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The battles, rich and tense enough on their own, are compounded by several innovative systems. The sanity system models the psychological stress on the heroes as they go on expeditions, with diverse contributors like movement, traps, critical hits and enemy abilities all adding points to a stress bar. Starting at zero and capping out at two hundred, adventurers gain a temporary affliction (or more rarely, a virtue) at one hundred stress, impairing (or enhancing, respectively) their fighting ability. At two hundred stress, they suffer a heart attack and die outright. Unlike health, stress is persistent across expeditions and must be alleviated at the tavern or chapel. These stress treatments incur extra costs, however, and also prevent the hero from going on that week's expedition. In addition to stress, the lighting resource system allows players to juggle easier fights against the chance for better loot.

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Special praise to the game's close match between punishing gameplay and grim theme. It gives no quarter. The atmosphere is cohesive and oppressive, its subject classically Lovecraftian and abject. Yet as colorful and startling as the game's evocations of horror are, they tend to register in the mind along practical, not visceral, modes. I appreciate the spilt lifeblood of my Bounty Hunter tactically, as an inconvenient misstep or perhaps a necessary sacrifice. The monomania and desperation of these figures who do my bidding only matter insofar as it affects their combat prowess. 

The word "affliction" in-game is merely a technical term provoking calculations, not sympathetic imagination. So while the horror of the mythos relies on the unutterable and unknowable, Darkest Dungeon is demonstrative and gratuitous in its mediated terrors. Reading something like The Shadow over Innsmouth works in part because the ultimate revelation is obscured and must be imagined. The narrator's mind disintegrates and the reader's is left in the lurch before the abyss. Playing puppeteer with bands of heroes inside the game does not quite strike the same chord of existential dread. Still, none of these criticisms tarnish Darkest Dungeon's allure for me one bit, nor do I suspect Chthulu die-hards will be much put-off by the game's incarnation of the mythos.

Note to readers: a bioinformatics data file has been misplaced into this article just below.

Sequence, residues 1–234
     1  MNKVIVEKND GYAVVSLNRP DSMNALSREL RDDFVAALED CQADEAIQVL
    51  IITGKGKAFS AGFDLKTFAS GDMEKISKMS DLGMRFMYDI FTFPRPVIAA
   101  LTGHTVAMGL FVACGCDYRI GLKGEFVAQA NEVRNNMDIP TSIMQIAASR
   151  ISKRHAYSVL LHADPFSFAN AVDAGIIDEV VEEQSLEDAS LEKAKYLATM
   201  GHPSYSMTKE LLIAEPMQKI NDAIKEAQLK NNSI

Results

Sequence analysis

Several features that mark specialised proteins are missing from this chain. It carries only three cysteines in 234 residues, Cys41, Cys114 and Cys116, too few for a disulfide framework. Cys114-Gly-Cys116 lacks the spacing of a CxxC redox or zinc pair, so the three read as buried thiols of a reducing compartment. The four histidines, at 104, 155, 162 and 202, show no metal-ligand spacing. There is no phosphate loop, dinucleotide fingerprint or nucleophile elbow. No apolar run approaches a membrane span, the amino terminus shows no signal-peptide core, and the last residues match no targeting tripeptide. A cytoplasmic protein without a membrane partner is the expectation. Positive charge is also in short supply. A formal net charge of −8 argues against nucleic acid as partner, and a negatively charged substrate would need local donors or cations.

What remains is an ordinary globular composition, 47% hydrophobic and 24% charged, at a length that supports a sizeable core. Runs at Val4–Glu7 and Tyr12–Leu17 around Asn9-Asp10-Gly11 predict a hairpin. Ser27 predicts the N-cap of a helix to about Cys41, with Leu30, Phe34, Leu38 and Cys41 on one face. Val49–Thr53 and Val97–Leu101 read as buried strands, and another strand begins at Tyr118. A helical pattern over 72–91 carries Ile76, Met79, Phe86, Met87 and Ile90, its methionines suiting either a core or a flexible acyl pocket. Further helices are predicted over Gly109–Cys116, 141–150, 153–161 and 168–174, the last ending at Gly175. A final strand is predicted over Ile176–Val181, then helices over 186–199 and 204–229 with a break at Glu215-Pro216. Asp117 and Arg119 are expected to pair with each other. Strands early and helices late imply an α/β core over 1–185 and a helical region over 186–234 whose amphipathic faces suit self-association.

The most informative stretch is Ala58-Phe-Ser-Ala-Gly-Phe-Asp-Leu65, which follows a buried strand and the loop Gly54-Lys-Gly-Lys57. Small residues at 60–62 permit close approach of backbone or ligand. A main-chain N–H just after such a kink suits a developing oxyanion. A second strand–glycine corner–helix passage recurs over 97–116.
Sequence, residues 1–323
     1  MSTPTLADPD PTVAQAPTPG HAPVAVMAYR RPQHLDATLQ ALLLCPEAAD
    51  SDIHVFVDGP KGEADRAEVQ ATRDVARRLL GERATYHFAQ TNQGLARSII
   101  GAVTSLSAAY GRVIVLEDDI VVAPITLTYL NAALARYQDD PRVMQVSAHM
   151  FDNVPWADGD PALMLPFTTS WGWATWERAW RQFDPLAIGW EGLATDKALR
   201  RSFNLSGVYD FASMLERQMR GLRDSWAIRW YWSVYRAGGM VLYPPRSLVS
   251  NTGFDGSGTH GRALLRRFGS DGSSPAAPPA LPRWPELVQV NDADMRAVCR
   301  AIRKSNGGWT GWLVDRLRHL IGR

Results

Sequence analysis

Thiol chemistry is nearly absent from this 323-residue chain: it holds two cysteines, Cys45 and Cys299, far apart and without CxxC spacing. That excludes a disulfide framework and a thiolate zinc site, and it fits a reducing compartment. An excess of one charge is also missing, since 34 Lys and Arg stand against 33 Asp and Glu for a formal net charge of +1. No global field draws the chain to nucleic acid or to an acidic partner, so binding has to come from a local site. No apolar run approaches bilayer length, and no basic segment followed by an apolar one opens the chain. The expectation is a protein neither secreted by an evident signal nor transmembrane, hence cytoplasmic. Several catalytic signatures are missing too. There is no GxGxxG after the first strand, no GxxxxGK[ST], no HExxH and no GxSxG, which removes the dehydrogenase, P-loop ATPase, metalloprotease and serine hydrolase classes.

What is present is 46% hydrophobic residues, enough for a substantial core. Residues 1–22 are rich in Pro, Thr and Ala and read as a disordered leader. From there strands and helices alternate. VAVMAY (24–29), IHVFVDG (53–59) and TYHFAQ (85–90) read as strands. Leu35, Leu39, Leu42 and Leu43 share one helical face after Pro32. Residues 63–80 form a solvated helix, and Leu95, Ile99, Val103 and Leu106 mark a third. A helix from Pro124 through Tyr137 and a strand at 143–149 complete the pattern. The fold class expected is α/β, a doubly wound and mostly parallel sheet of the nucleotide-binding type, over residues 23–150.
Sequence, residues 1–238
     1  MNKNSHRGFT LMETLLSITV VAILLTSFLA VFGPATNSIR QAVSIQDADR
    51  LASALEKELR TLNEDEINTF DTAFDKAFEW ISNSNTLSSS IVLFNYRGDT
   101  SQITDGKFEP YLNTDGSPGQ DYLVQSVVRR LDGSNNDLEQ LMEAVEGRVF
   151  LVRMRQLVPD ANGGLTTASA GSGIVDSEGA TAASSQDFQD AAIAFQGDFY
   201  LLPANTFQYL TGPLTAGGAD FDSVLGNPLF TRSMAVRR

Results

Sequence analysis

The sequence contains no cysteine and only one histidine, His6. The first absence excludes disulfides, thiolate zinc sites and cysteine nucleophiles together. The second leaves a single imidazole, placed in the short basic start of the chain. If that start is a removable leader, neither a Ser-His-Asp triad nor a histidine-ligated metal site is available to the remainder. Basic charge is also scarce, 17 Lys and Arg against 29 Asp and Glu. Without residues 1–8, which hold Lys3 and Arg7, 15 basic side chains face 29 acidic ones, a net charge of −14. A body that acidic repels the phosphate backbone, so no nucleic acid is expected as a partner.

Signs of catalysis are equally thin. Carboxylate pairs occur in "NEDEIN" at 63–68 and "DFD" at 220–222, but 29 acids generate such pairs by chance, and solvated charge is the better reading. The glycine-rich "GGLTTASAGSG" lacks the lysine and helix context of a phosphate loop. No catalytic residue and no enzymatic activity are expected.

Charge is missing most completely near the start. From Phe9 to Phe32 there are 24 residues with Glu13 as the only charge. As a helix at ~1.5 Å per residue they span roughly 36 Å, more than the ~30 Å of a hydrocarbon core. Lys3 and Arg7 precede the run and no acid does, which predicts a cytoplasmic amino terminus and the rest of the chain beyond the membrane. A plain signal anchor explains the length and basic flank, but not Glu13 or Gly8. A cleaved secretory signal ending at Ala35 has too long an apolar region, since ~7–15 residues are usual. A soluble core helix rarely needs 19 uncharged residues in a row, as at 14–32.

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What might discourage would-be players is the difficulty of navigating the game's subtleties. Some bosses bring new threats that require significant and sometimes narrow counters. These bosses can be brute-forced early on by overlevelled parties but later might require doomed attempts just to scout and learn how they work. Tapping the screen to bring up detailed descriptions of an item or status condition is more difficult than it should be, as are ordinary gestures like scrolling down the list of heroes. The clarifying text is hidden directly behind the finger as well, an awkward carryover from the original mouse-and-keyboard interface.

For a game which hinges so much on foresight and preparation, it is unpleasant how laborious it can be to research details or manage basic finances and inventory. The save transfer function works like a charm, though, making cross-platform play easy. Again, these are peripheral concerns which do not greatly harm the game's undeniable quality, only impede the practical experience of play. It is a cruel, delightful game, well on its way to becoming a classic, and while it requires commitment to master, Darkest Dungeon will more than repay the effort.

Darkest Dungeon visits fresh horrors upon unseasoned newcomers, but behind its grim facade is a fascinating dungeon crawler.

Review: Darkest Dungeon